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A grand venue steeped in history.

History of Wortley Hall

South Yorkshire’s Wortley Hall has a rich history – originally the ancestral home of the Earls of Wharncliffe the Lords of the Manor of Wortley. Wortley’s earliest recording in history being Alnus de Wortley, mentioned in the pipe Rolls for 1165. Sir Thomas Wortley, born in 1440 lived in the Manor Wortley, believed to be Wortley Hall. His grandson Sir Richard Wortley rebuilt Wortley Hall in 1586. During the English Civil war Sir Francis Wortley commanded a loyalist garrison at nearby Tankersley, and led the battle of Tankersley moor where he was captured by the Roundheads and taken to the Tower of London. Wortley Hall fell into decay until the mid-18th century. When Edward Wortley commissioned the rebuilding of the hall in 1800, James Archibald Stuart Wortley and his wife Caroline Creighton took up residence. The planning, landscaping, ornamental planting and the ultimate beauty of the current grounds are attributed to Lady Caroline. Further repairs and extensions to the Hall were made mainly during the Victorian period. During the 1939-45 war, parts of the Hall were occupied by the Army and after 1945 the Hall once again began to fall into a state of disrepair.

Explore our venue by clicking on the virtual tour link below

 

Virtual Tour

1950 Onwards

In 1950 The Wharncliffe family decided to give up the hall and it was available to lease.
Vin Williams, addressed other local labour movement activists outlining a proposal that Wortley Hall could have the potential of being owned by the workers and run for the workers benefit. On 5th May 1951 Wortley Hall was formally opened as an educational and holiday centre, for the trade union, labour and co-operative movement. It was in a semi-derelict condition and the workers of South Yorkshire and surrounding areas carried out most of the repairs and restoration voluntarily and managed to restore the original features including the painted ceilings, ornamental friezes and wood carvings.

Today Wortley Hall is now a company in its own right and is still a member of the
co-operative union. Any operating surplus is spent on the maintenance and upkeep of the hall. This is a grand venue steeped in history and its heritage and values are still strong aspects of its identity.

Friends of Wortley Hall Gardens

Considerable neglect of the gardens took place in the period from the First World War to the 1950s. Today, the Hall has 2 full time gardeners but relies on the support of volunteers to maintain and restore the gardens. The Friends of Wortley Hall Gardens group was set up for people interested in gardening that would like to donate their time to restoring and maintaining these historic gardens.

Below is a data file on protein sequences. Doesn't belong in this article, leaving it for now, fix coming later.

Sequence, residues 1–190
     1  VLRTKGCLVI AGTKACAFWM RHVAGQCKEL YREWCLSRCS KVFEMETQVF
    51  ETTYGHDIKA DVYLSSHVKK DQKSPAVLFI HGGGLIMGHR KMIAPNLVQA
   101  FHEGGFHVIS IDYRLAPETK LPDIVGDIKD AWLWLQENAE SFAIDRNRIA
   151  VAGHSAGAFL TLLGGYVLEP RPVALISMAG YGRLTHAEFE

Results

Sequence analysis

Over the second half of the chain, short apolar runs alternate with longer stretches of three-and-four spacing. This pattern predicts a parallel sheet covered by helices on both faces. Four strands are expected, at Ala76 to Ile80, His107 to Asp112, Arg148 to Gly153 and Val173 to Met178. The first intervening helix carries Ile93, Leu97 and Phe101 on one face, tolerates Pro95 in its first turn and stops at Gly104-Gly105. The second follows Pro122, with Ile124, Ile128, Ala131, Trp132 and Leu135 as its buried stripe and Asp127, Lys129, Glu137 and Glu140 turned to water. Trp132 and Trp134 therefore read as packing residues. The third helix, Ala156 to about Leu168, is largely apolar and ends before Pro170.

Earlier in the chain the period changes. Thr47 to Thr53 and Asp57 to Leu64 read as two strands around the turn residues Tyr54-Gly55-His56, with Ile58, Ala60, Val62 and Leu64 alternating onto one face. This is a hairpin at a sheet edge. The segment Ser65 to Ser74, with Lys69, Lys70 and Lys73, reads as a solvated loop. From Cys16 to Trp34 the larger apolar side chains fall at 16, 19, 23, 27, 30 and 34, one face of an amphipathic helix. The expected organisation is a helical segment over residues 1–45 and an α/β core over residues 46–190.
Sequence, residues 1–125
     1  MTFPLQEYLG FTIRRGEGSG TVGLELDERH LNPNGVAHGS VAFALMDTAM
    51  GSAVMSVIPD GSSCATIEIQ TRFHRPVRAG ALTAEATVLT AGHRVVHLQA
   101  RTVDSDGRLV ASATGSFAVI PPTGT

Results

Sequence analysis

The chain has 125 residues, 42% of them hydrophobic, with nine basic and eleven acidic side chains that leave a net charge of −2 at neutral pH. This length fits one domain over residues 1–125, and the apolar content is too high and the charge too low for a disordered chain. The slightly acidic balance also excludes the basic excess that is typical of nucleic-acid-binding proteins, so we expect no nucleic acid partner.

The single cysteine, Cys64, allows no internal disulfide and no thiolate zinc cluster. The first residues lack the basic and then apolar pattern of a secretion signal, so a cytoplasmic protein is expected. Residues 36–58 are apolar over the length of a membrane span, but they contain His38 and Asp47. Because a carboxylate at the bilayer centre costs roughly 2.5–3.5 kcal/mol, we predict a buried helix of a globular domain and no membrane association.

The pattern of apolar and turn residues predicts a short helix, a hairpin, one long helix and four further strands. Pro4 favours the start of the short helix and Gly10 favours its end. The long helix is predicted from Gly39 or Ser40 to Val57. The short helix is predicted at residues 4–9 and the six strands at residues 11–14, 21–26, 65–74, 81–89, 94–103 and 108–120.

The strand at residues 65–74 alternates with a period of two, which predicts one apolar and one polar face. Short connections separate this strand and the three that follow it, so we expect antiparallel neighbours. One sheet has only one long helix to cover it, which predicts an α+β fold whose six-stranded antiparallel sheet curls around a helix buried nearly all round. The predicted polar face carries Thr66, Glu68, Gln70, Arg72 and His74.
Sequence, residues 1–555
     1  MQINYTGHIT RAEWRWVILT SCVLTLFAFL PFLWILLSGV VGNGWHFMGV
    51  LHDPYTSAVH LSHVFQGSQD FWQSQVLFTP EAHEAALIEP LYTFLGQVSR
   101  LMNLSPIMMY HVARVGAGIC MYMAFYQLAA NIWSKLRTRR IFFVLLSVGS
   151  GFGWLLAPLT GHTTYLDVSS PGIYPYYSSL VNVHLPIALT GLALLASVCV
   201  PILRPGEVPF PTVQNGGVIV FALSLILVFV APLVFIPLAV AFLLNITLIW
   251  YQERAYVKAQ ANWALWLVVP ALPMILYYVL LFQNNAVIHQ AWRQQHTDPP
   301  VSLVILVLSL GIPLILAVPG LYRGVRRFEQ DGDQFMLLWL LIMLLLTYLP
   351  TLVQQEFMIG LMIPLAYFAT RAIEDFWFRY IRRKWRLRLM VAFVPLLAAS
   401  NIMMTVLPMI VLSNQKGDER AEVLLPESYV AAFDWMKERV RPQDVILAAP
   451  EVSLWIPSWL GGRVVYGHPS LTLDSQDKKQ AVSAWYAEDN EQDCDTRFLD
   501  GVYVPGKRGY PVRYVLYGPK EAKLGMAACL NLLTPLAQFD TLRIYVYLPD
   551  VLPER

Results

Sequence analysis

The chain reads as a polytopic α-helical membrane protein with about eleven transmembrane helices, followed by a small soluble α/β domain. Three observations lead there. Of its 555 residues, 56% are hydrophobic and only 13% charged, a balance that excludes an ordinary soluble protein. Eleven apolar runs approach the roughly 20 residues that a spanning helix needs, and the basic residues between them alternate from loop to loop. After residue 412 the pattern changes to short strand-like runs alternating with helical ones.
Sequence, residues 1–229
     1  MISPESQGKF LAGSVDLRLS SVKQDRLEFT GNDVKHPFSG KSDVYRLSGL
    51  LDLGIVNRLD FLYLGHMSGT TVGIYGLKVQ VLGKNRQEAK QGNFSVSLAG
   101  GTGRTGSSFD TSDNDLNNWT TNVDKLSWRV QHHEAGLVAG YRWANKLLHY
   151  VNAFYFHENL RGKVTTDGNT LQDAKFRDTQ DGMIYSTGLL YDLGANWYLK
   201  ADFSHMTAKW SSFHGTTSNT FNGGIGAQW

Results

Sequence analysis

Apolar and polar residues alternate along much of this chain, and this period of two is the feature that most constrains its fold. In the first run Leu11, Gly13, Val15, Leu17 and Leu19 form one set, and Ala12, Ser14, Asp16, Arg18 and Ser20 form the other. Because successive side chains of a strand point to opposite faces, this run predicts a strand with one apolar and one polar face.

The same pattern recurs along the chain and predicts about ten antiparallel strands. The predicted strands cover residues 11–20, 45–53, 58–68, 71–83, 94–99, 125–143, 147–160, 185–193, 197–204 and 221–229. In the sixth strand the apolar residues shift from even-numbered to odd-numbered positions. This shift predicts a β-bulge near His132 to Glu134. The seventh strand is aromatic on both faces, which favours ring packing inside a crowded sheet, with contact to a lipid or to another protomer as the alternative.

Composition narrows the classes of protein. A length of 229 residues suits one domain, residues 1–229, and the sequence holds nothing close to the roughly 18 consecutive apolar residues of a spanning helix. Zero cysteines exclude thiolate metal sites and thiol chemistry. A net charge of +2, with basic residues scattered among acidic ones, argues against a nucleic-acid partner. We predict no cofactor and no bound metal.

To find out more about their events etc please see the programme in the attached link.

Friends of Wortley Hall Newsletter Autumn / Winter 2017

Grounds & Garden

Wortley Hall is set in 26 acres of gardens and woodlands. 11 acres of this are the formal gardens which face eastward enjoying magnificent views through the vale of Worsborough and beyond.The present ornamental gardens at Wortley date back to the early 1800s when the estate was in the hands of James Stuart Wortley and his wife Lady Caroline who is credited to be the driving force behind how they look today. The gardens are laid out in the Italianate Palladian style and features are the central fountain and sunken garden. The Walled Garden was constructed in 1797 and was the main kitchen garden for the house and provides fruit and vegetables even today. The gardens are open to the public free of charge and guided tours of the grounds can be arranged for a small fee with the head gardener.

Spectacular blast of colour

Features of the gardens include the Italianate terracing on the south face of the hall fronted by grassed lawn areas. These are the setting for magnificent displays of Summer bedding in the urns and around the fountain, which brings a spectacular blast of colour during the Summer months. The 11 acres of pleasure grounds really are a sight to visit; with plantings from the 17th and 18th Century, including a hollow Sessile Oak 24 feet in girth and some 500 years old.

The Walled Garden

In the last couple of years the old Walled Kitchen Garden has been given a new lease of life by Heeley City Farm, it is now growing organic fruit and vegetables which are sold in local farmers markets and used in the Hall’s kitchens. Some of the old varieties of fruit trees still remain including a cordon of pear trees, a variety of which (‘Soldat Labourer’) is one of only two examples remaining in the UK. To find out more about their efforts please visit their website.

www.organickitchengarden.co.uk